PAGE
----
When asked by The Texas Tribune what evidence Paxton had that antifa protesters had attacked the U.S. Capitol while posing as Trump supporters, a spokesman for Paxton said he was merely sharing a tweet from a journalist. The person whose claims he promoted was Paul Sperry, a former reporter for the right-wing website WorldNetDaily, who “has a long record of promoting anti-Muslim conspiracy theories," according to research from Georgetown University.
Spokesman Ian Prior said in a text message that Paxton condemns violence but encourages citizens “to ‘keep fighting’ for their rights at the ballot box, in the courts and through their First Amendment right to peacefully protest.”
There is no evidence that the rioters who breached the U.S. Capitol were members of antifa; in fact, photo evidence shows known right-wing agitators. And Trump himself acknowledged the rioters were there to support him, telling them, “we love you, you are very special.”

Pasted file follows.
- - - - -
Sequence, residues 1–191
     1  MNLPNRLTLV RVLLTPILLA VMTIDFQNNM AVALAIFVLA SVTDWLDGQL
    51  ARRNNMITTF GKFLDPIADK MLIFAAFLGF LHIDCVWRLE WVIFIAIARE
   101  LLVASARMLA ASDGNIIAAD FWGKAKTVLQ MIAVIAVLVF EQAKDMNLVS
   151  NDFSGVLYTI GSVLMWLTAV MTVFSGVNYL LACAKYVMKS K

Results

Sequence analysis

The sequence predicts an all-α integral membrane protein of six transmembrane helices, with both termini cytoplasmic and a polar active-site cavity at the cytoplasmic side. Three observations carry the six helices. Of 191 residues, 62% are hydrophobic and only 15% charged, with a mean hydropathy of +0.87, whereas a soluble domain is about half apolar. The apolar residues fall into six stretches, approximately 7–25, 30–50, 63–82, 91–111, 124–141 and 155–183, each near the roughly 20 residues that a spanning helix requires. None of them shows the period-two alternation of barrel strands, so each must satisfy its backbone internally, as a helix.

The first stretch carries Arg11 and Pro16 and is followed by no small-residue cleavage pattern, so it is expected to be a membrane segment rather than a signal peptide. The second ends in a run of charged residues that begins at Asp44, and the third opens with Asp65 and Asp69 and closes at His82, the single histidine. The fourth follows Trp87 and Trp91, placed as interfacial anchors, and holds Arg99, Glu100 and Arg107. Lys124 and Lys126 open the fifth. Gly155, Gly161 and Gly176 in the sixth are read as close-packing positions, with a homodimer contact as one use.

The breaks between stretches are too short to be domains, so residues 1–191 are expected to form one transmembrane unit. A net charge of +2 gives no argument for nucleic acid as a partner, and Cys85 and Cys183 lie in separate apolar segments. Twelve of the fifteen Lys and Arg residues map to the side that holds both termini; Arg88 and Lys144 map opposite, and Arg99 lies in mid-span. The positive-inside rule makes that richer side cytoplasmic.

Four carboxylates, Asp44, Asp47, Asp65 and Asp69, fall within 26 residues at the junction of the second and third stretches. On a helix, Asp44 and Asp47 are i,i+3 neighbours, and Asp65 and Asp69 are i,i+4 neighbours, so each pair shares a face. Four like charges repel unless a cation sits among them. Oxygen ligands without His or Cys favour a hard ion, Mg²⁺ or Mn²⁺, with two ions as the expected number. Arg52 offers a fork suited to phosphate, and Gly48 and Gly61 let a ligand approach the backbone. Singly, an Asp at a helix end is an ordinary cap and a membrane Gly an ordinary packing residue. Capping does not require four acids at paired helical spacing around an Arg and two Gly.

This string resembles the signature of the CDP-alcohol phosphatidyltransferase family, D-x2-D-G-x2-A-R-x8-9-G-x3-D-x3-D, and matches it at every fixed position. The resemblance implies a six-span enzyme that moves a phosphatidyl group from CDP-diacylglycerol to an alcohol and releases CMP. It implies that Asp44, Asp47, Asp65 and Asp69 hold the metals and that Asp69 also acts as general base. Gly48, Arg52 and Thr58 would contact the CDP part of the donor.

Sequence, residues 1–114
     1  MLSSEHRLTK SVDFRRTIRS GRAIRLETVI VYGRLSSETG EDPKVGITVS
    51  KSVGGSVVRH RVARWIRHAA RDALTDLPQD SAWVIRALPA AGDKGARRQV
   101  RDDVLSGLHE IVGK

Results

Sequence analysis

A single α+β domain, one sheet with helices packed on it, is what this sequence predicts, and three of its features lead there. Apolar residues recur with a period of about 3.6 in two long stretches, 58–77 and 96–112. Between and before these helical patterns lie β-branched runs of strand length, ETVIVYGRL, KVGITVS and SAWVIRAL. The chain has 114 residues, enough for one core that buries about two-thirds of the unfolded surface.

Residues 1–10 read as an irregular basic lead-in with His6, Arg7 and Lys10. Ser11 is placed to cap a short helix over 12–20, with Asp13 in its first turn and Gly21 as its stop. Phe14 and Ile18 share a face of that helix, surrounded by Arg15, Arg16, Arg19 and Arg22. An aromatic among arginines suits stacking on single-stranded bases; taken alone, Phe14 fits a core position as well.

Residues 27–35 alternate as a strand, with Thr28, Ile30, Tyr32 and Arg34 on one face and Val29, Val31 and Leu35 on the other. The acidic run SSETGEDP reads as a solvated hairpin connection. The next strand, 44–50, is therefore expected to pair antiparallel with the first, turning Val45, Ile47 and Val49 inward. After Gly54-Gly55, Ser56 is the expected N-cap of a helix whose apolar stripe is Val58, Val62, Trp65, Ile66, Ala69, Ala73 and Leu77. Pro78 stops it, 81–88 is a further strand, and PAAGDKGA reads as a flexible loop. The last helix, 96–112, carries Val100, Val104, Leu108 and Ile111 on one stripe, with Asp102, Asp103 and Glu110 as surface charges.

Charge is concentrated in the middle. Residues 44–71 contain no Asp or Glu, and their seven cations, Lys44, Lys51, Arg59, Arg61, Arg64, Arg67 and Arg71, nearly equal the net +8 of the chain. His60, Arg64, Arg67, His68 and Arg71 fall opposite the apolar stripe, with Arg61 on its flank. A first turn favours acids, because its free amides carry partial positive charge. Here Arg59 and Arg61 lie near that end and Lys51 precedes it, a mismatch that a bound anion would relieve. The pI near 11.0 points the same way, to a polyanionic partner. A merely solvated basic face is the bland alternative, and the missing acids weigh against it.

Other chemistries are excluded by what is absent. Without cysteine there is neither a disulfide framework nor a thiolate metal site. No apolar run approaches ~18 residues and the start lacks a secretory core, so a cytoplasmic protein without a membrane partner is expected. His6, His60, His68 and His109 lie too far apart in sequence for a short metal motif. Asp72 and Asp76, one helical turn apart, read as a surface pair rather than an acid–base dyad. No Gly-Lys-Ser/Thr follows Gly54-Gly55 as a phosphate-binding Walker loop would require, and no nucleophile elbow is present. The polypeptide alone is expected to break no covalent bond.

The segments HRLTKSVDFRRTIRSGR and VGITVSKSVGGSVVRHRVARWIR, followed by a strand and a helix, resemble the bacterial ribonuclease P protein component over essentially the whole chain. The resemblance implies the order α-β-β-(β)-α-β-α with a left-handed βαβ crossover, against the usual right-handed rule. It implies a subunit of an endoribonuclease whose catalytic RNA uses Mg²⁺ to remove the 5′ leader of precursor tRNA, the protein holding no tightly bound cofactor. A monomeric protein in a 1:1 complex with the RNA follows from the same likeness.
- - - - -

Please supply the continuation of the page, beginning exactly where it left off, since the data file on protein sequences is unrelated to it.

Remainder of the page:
Paxton’s critics said his rhetoric and his leadership on the election fraud issue have contributed to real harm — as have other Texas Republicans including U.S. Sen. Ted Cruz, who objected to certifying vote counts in several states.
“We know that Ted Cruz and Ken Paxton both know that Joe Biden won this election, yet they are deciding to score points with their violent base in a cynical attempt to garner extremist, right-wing support,” said Abhi Rahman, a spokesman for the Texas Democratic Party.
On Thursday, Grand Prairie state Rep. Chris Turner, chair of the Texas House Democratic Caucus, called for an investigation into Paxton’s role in Wednesday’s riot, leaving the door open to curbing the power of his office, restricting its budget, even censure and impeachment.